Aug 19, 2009
QD array described by collective transport model
Storing a few electrons in either a small metallic island or a semiconductor quantum dot (QD) paves the way for the fabrication of single-electron devices at room temperature. Electrical bistability and memory effects can be realized by self-assembling the QDs into films (or solids) and engaging interdot coupling. Both single electron tunnelling and electrical bistability provide opportunities to develop new electronic devices.
To tailor the performance to suit particular applications, the electron transport into the QDs and the conduction mechanism in the QD-assembled films should be explored. Two-probe electrical characterization of the electron-beam lithographically fabricated QD device is one feasible approach. Scanning tunnelling microscopy (STM) of QDs dispersed on metallic surfaces offers another handy probe.
In a recent study on semiconductor QDs, researchers in Taiwan have adopted STM to look into single-electron charging and interdot coupling effects. The conditions for the self-assembly of colloidal QD islands are controlled to form QD arrays of different sizes, widths and lengths. The size dependence on the tunnelling spectra between the STM tip, the array and the metal substrate can then be unearthed.
The tunnelling spectrum through a single QD demonstrates single-electron tunnelling and agrees well with classical single-electron charging, orthodox theory. The team has noticed, however, that the tunnelling spectra through a QD array cannot be described by the classical theory. Neither a single, large QD nor a number of individual QDs provide an adequate fit to the data.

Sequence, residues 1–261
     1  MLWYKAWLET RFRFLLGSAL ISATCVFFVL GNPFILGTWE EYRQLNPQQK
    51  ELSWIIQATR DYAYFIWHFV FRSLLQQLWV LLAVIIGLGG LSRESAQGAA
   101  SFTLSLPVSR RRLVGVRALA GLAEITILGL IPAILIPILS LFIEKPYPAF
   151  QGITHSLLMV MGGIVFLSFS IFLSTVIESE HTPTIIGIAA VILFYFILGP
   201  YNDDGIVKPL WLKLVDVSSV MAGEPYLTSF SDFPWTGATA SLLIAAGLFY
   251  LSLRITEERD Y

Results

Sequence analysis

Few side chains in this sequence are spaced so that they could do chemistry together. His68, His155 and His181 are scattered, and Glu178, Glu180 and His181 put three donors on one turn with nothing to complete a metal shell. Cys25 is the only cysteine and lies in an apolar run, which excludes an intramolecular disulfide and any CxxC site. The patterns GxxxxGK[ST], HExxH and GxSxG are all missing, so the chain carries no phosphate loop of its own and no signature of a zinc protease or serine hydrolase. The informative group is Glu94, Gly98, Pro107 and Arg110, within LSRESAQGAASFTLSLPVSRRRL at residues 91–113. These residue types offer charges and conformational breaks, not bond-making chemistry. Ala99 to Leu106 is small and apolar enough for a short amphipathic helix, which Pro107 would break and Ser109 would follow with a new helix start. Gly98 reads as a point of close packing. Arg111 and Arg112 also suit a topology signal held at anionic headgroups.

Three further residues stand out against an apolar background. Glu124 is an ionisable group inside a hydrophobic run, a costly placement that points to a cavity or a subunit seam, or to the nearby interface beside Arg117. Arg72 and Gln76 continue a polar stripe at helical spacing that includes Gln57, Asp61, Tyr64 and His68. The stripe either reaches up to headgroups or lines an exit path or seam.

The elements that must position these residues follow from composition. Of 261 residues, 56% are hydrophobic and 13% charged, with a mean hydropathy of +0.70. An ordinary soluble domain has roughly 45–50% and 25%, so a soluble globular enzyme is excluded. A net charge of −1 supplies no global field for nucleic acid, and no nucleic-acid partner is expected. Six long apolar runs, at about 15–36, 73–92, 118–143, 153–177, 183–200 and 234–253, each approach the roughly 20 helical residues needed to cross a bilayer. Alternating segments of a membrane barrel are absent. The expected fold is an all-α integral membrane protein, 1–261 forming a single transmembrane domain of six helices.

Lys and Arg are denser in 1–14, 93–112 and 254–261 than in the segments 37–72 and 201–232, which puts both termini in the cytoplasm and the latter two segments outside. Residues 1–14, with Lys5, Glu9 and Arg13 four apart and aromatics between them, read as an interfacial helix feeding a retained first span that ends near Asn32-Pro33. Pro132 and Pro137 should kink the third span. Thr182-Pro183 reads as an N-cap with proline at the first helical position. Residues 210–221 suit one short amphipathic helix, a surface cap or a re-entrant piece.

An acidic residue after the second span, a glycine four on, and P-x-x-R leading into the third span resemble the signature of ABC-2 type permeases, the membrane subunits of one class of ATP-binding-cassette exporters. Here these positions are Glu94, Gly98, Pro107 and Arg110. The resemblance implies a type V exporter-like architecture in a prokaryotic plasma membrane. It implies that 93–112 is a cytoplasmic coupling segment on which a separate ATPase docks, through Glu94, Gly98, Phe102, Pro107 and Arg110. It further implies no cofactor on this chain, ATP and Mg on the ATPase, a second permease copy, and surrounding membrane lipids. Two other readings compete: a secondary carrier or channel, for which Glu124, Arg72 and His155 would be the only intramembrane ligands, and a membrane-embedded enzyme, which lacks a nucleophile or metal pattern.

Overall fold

Instead, the tunnelling spectra through a QD array, displaying a threshold voltage and a power law dependence on I-V with a scaling exponent, can be described by collective transport (collective Coulomb blockade) theory. The group from National Chiao Tung University has observed that as the array size increases and the interdot coupling engages, the threshold voltage decreases and the scaling component increases to reveal more open channels for electron tunnelling between the STM tip and the metal substrate. The variation will finally come close to a saturation value, implying a finite screening length in the QD arrays.
To investigate the memory effect, the researchers plan to vary the separation distance between the QDs. Tuning the environmental conditions for the QD assembly and the post thermal treatment, allows the team to prepare samples having different QD separation distances. Additional tunnelling spectra measurements will then be performed to study the conduction mechanism and electrical bistability effect in more detail to create real applications.
The researchers presented their work in Nanotechnology.
About the author
This work was performed at National Chiao Tung University and supported by the Taiwan National Science Council and by the MOE ATU Program. Yi-Ching Ou is a PhD student studying at the Institute of Physics at National Chiao Tung University. Sung-Fang Cheng is a graduate student studying in the Department of Electrophysics at National Chiao Tung University. Prof. Wen-Bin Jian is head of the Nano and Quantum Phenomena Laboratory in the Department of Electrophysics at National Chiao Tung University.